UPDATED: An unidentified man and a woman helped bring to safety two Arlington girls who had fallen through the ice Saturday, Jan. 19, at Hill's Pond. The girls, 12 and 10, were cold and wet but unharmed.
David Bean of Arlington said he does not know the name of the man, who he referred to as a "hero who got wet, though I commended him to some nearby friends for thawing out."
"I didn't see the girls on the ice," Bean told YourArlington on Jan. 20, "but they went in about 20 feet from the north [sunny] side near the steps.
"There was another kid on the ice who retreated to the south side. I guess that they went on to the ice in the shade on the south side, where it's normally stronger and walked across toward the steps until it could no longer support them. They were lucky to go in so close to shore.
"It looked like they had been in up to their necks (the tall hero was wet to the waist) but were probably able to stand. My next guess is that they were in a hole in the ice and could not break enough around them to escape; it required someone to break the ice from shore to release them."
Other dog walkers were going to drive the girls home, he said, "but I think the cops arrived and did that for them."
He went on to comment: "Obviously, a situation like this requires immediate action, and just a few seconds or a few feet difference in the depth could make a huge and fatal difference in the outcome. If the town authorities feel that emergency response is fast enough to rely on completely in such a situation, I think they are wrong."
Until a few years ago, he said, the town placed rescue boards at two or three places around the pond -- red-painted boards about 6 feet long with a rope attached.
Such a board could have been used to pull out the girls, he said.
He added that the president of the Friends of Menotomy Rocks Park said she will speak to Joe Connelly, head of town recreation, about the rescue boards.
"My dog fell through in exactly that way about 21 years ago by charging ducks who were in the water at the edge of the ice," he said in a post the Arlington email list. "After that, I always went around the north side with her when the ice was thawing."
In a report, Arlington police said they were called at 3:23 p.m.
"An anonymous third-party caller reported this incident and later declined to give reporting information," the report said.
On police arrival, both girls were conscious, alert and able to communicate well with all parties. The report said they "were cold and appeared to be wet from their feet up to their shoulders."
Both sat in the rear transport area of a police car as the heat was turned up to the maximum level in an effort to warm the girls. Both girls initially declined any additional medical attention.
Mothers of both girls brought additional dry clothing, blankets and other warming layers with them to Menotomy Rocks Park.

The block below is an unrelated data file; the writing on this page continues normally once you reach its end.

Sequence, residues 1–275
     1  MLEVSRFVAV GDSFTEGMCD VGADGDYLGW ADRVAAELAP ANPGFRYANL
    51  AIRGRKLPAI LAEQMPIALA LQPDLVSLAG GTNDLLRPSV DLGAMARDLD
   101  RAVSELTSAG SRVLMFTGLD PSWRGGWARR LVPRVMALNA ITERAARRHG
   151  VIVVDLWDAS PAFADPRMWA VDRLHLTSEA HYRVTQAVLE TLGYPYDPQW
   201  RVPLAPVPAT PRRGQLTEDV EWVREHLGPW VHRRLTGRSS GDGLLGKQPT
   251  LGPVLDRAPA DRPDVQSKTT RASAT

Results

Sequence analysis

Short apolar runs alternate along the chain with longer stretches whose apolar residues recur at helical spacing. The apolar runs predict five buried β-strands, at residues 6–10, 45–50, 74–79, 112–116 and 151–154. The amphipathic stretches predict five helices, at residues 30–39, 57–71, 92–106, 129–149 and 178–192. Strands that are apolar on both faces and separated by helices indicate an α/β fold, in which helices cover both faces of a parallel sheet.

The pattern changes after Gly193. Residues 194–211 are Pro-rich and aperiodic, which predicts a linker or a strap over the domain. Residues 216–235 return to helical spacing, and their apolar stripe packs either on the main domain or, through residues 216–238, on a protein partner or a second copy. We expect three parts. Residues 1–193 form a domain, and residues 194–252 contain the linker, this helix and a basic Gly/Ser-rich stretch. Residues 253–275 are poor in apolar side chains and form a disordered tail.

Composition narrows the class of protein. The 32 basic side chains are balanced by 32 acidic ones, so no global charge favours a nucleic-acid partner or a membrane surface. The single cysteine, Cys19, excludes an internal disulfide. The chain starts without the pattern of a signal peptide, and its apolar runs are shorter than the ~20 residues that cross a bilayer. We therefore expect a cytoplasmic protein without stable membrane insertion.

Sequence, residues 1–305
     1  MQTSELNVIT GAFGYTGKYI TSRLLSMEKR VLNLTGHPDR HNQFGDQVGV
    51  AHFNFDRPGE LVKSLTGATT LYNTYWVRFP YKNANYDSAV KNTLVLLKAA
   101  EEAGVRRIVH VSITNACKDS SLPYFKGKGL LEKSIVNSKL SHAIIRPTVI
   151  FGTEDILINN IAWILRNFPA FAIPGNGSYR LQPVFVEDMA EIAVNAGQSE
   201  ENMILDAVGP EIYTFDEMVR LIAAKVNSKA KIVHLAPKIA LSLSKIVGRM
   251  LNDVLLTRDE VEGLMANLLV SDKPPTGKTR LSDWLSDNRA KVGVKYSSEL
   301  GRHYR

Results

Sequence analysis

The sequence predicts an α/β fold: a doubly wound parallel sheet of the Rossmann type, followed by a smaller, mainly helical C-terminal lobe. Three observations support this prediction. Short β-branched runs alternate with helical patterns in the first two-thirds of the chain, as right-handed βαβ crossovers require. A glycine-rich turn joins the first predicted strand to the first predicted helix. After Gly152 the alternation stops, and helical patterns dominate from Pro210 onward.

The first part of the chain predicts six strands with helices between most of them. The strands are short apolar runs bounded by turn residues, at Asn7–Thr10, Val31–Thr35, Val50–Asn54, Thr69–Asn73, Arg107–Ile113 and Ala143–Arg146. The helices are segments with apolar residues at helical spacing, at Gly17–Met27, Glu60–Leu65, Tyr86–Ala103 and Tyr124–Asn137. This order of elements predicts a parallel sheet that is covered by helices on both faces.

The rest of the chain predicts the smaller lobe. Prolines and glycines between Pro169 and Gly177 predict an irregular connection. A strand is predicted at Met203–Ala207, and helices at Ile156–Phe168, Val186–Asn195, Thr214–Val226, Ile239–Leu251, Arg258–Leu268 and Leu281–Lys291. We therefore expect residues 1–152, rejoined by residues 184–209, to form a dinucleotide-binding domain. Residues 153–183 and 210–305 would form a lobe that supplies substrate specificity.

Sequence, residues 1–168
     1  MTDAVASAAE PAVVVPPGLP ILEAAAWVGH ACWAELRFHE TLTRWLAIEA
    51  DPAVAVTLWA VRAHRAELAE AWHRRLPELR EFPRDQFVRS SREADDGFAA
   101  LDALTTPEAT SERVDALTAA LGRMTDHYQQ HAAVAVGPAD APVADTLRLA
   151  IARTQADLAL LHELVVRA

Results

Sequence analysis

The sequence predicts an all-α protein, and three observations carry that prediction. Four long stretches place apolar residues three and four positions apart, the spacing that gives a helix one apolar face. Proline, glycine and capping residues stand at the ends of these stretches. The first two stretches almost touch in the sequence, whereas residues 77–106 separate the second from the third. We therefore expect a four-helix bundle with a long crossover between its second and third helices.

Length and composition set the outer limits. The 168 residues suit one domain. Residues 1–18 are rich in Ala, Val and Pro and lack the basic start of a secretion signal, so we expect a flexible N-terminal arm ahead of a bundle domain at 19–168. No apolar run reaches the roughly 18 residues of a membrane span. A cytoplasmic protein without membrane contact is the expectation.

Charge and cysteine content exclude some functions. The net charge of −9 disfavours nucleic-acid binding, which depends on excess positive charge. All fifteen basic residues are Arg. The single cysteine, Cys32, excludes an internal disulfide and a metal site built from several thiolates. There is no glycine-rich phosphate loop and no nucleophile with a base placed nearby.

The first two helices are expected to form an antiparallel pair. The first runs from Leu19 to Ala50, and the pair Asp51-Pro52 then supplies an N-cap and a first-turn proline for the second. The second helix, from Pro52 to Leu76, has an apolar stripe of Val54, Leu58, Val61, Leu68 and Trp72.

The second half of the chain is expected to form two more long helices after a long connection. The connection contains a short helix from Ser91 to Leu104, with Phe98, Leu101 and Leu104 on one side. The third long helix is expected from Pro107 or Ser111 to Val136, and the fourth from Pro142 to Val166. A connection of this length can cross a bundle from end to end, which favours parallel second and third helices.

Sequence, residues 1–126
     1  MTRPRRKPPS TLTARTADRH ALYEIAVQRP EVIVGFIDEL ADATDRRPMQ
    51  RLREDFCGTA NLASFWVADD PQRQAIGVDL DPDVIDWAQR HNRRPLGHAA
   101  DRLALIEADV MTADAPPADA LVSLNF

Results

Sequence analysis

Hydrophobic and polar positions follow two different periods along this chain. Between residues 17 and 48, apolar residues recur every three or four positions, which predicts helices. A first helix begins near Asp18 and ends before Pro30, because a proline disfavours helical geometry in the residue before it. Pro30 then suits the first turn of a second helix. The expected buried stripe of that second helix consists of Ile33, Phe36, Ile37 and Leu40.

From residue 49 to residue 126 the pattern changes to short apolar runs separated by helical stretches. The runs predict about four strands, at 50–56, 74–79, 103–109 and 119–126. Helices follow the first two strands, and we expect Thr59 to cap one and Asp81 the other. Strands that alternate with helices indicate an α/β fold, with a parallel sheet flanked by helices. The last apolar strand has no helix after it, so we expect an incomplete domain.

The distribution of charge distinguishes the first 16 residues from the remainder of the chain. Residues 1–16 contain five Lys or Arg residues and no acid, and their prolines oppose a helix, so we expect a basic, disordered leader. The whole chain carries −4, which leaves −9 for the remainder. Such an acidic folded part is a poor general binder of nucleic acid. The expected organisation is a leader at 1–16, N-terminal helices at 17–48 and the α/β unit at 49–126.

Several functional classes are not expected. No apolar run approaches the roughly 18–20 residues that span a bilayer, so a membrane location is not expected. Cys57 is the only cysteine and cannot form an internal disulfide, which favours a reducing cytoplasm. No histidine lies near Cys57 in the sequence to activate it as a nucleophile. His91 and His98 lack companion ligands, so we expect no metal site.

Both parents were appreciative of all officers and citizens on scene. One officer informed the parents they should have a serious talk with their children about the dangers of walking on thin ice during winter. Both parents acknowledged this.
At the station while filing this report, one parent contacted police and asked whether they knew anything about a gentleman who was in the water assisting the girls. Police said had not known this and no other adults in the area appeared to be wet.
One parent said she "just wanted to thank this party if we found out who this alleged individual was."
One parent said she has been in contact with the unidentified man and woman.
One of the parents wrote an account of the events. It says, in part:
"Yesterday we were at our friends' house. I was inside with the parents, she was outside with her friend. They asked if they could leave the yard, and went to a nearby park.
"While there, the two girls decided it would be fun to see how strong the ice on the pond was. Well, the answer was 'not very' — it was 40 degrees (4 degree Celsius) yesterday, and the ice was thick on one side, but very thin on the other. They tested it out near the edge a bit, then walked across it. When they were almost to the other side, the ice cracked and they fell in.
"The girls screamed, and others in the park heard them. Two kind strangers assisted by pulling one girl out with a stick, and going in after the other and carrying her out ....
"They were both terrified, rightfully so -- falling through thin ice is extremely dangerous and we all feel very fortunate.
"I generally avoid 'worst first' thinking, and not having spent much time in the park in the winter, we hadn’t talked about ice rescue. However, we have talked about it now, because the girls, while doing the most important thing (making a lot of noise to attract help), did *not* know how to get themselves out when the ice broke.
"They are both researching how to properly attempt to get up onto the ice, starting with staying calm, and flattening themselves out as they pull themselves up to take up as large a surface area as possible ....
"I am, of course, scared of what could have happened, but what DID happen is that my daughter made a stupid decision to go out on the ice, and when a problem occurred, several very kind, helpful adults stopped to assist kids they didn’t know. Then our amazing first responders took over and made sure they were returned safely."
This story was published Tuesday, Jan. 22, 2013, and updated the next day.